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It’s Long Past Time For Nikola Jokic To Relax

Ezra Shaw/Getty Images

If you spend a lot of time watching the Denver Nuggets, you will note a great many things about their superlative big man, Nikola Jokic. You'll see that he is the best passing center the game has ever seen, that his ability to score in the post is unrivaled by any current NBA player, that he is actually a much better defender than you probably assumed, and that his signature Sombor Shuffle jumper is just as pretty and deadly as Dirk Nowitzki's one-legged fadeaway ever was. What you will also notice, among all that brilliantly played basketball, is a bunch of little temper tantrums.

If it wasn't for all the other eye-catching things that Jokic does on a basketball court, the thing he'd be most associated with would be the following sequence: Jokic attempts to grab a rebound or score in the paint; he loses the ball in a way that makes him think he was fouled; the referee does not call a foul; Jokic immediately sprints towards his nearest opponent and just whacks the guy as hard as he can with his big, floppy arms; the referee calls a foul on Jokic, who proceeds to scream at the ref. That exact series of events happens all the time. It happens in regular-season games, playoff games, preseason games, any game of basketball that Nikola Jokic is involved in.

Most of the time, it is easy enough to write off these little fits as a relatively harmless quirk in Jokic's personality, the one thing about himself that he doesn't have absolute control over when he's on the court. It is not so easy to laugh off last night's iteration of the Jokic Tantrum, which left Markieff Morris so jacked up that a stretcher was brought onto the floor (Morris eventually got up and walked off under his own power):

Yes, sure, Morris's initial foul was a cheap shot (he was given a Flagrant 2 and ejected from the game), but Jokic's retaliation was just as dangerous as it was impulsive. Short of throwing a haymaker into a guy's face or undercutting someone's dunk attempt, there aren't many better ways to put someone's health at serious risk during an NBA game than to throw a body-check into their spine.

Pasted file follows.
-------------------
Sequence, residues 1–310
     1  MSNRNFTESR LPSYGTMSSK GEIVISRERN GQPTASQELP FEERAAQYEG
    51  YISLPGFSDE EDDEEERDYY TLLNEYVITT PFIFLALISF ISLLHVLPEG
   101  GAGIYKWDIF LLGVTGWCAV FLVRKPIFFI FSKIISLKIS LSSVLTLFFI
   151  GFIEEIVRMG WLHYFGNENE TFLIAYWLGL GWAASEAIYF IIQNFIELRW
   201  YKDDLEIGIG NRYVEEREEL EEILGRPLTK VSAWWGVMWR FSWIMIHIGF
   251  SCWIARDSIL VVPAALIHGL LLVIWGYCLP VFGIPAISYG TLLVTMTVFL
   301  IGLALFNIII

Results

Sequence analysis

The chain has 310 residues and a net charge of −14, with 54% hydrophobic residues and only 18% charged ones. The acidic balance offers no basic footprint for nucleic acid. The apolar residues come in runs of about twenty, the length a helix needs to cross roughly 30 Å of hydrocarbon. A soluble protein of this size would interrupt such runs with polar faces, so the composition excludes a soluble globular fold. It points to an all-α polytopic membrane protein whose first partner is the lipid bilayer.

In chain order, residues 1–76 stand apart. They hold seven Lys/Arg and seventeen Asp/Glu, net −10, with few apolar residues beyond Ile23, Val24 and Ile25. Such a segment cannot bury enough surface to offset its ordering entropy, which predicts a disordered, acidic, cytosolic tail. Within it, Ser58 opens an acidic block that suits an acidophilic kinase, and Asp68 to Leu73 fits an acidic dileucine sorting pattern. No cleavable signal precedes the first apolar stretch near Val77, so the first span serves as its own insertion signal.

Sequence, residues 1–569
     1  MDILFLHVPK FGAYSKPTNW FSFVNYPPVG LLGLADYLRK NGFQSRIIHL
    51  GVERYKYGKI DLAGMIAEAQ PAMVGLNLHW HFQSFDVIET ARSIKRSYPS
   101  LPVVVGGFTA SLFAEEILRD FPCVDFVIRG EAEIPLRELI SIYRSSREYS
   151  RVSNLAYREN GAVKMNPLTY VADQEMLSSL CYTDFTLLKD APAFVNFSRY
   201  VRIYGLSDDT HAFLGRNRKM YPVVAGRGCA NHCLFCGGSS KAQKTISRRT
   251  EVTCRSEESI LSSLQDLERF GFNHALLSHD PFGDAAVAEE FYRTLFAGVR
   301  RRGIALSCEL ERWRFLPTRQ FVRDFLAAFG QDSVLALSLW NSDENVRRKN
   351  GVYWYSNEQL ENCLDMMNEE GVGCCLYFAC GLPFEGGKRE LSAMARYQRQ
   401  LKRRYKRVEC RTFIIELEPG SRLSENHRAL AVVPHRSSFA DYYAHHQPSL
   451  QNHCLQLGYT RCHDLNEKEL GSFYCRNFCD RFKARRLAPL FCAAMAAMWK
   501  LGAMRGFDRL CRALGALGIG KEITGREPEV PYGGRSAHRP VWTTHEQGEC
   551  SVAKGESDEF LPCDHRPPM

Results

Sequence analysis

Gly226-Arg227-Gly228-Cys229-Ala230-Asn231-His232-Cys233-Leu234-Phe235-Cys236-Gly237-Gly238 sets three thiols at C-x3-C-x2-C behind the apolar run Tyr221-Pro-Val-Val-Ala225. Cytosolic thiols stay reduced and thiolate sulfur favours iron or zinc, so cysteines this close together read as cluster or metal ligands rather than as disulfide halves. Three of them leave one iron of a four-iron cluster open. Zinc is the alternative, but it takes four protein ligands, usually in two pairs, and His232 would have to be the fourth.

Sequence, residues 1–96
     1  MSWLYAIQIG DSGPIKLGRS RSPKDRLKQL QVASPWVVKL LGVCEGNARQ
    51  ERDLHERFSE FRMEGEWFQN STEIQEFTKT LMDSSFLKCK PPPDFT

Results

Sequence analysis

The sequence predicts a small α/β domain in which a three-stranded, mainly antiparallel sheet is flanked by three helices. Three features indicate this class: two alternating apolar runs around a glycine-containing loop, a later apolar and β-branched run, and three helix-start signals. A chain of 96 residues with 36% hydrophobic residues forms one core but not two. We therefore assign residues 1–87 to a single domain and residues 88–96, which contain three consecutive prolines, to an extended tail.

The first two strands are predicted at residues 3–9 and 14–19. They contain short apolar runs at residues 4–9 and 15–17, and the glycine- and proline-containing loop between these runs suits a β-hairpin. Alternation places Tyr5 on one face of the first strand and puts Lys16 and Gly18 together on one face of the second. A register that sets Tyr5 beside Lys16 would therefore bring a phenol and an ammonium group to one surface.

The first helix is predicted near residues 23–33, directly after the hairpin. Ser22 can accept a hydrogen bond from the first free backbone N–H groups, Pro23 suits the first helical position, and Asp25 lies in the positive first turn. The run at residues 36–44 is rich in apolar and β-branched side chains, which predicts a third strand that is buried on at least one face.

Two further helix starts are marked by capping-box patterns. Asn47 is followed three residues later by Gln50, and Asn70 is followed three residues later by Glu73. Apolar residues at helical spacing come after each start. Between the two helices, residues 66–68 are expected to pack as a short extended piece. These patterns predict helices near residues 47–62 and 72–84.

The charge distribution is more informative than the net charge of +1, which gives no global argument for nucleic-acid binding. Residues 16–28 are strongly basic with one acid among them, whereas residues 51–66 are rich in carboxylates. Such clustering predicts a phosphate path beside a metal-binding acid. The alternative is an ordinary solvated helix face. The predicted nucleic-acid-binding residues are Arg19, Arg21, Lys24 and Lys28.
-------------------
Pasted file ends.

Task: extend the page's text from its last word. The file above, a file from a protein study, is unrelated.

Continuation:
Jokic was apologetic after the game, telling reporters that he "felt real bad" about the incident, describing it as a "bad move." This is also something that Nuggets observers are already quite familiar with: a solemn and reflective Jokic acknowledging that his temper often gets the best of him and that he needs to get better at suppressing his on-court tantrums for the good of the team. It's a line that Jokic has been using for years now, but not much has actually changed. If Jokic tends to get a pass on all of this, it's likely down to the fact that his outbursts are totally incongruous with the rest of his big-goofy-Labrador-who-learned-to-play-basketball vibe. It also probably has something to do with the fact that he is white.

Jokic earned his official status as a hothead a long time ago, even before last season's playoff series against the Suns ended with an ejection. That his temper has yet to materially harm the Nuggets all that much in terms of wins and losses is a testament to his own talent and the quality of the teammates around him. But Jokic will almost surely be suspended for what he did last night, which will leave the Nuggets facing down a stretch of games in which they will be missing Jokic, Jamal Murray, and Michael Porter Jr. This particular temper tantrum's going to hurt.

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